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Turbines destroy the quiet  

Credit:  By: Dennis Stillings, INFORUM, www.inforum.com 19 November 2011 ~~

We will eventually get over leaving Grand Prairie, but we will never get over having lived there.

My wife and I loved two particular features of the North Dakota landscape – its open vistas and what we came to call its Great Silence, agreeing that our new home would need to be rich in both those qualities. We purchased a farmstead northeast of Valley City, N.D., in Grand Prairie Township.

The vistas were panoramic; the silence was great. My wife observed that the atmosphere of the farmstead had the rare stillness and simplicity of an Edward Hopper painting. The opportunities for great photographs of the farmstead, the wildlife, atmospheric displays and the surrounding landscape were multiplied by the changing seasons. I photographed some 40 species of birds (not counting common ones like sparrows and robins), deer, coyotes, mushrooms and wildflowers, spectacular sunsets and sundogs.

In the evenings the Great Silence descended like a benediction on the farmstead and one’s inner still, small voices could be heard–a mystical pleasure thoroughly extinguished by the later invasion of the wind turbines.

Slight daytime noises nearby can cancel out louder noise at a distance. At night this changes. The 20-decibel nighttime sound levels contrast strongly with the 55-decibel noise of the turbines. The Great Silence was defeated.

We now saw fewer birds, and the wildlife we had so enjoyed no longer came through our yard. Wind farm defenders claim that there is no evidence of an effect on wildlife, other than that of the massive killing of birds and bats –that, in fact, cattle may be seen clustered around the bases of the turbines. It is never mentioned, however, that there is far less noise immediately around the turbines than there is a short distance from them.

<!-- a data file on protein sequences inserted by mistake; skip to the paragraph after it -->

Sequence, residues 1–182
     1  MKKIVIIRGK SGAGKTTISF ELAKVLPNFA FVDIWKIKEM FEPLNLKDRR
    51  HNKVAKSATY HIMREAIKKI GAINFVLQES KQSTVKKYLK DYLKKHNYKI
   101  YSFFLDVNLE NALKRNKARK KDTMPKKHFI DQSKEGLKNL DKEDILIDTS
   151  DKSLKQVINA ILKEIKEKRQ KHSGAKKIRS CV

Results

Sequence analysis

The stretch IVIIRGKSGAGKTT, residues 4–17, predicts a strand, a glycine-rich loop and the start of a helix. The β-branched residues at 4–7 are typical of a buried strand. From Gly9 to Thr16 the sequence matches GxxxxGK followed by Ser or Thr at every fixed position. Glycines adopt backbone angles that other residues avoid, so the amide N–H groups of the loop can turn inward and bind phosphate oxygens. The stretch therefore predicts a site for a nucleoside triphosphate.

At get-togethers of the good people of Grand Prairie, wind turbines – in spite of being the elephants in our living rooms – were never discussed. It became clear to me that, for a variety of reasons, wind turbines were a sore point – some might say a wound – in the life of the community.

Contrary to local speculation, we did not leave solely because of the wind farm. I had injured my back, and the diagnosis indicated that my goal of turning the farmstead into a private park was no longer possible. The possibility of yet another wind farm being installed that would destroy the last open view we had was definitely not encouraging. Our firm conviction that wind farms are a big-government/big-corporation con game based on the hoax of man-made global warming added more than a touch of futile anger.

We are sorry that so much of the under-appreciated beauty of North Dakota has been destroyed in this useless manner. North Dakota is fast becoming the nation’s largest industrial park.

Stillings lives in Valley City, N.D.

(((( ))))

How far do the feathers fly?

When turbine blades rake the sky
In winter storm and summer sun,
I have a question— just this one:
How far do you suppose the feathers fly?

As does a headless chicken run and flop
And sling its blood upon the ground,
I have a question—not profound—
Do turbine victims flutter down, or simply drop?

Another thought—What are those stains
On whirring blades that look so red?
Are they from blood that has been shed?
And do they wash off clean in prairie rains?

We envy birds and how they fly,
Their freedom in the endless skies,
I have a question—just what lies
Have made our sky a place to die?

—Dennis Stillings

Source:  By: Dennis Stillings, INFORUM, www.inforum.com 19 November 2011

This article is the work of the source indicated. Any opinions expressed in it are not necessarily those of National Wind Watch.

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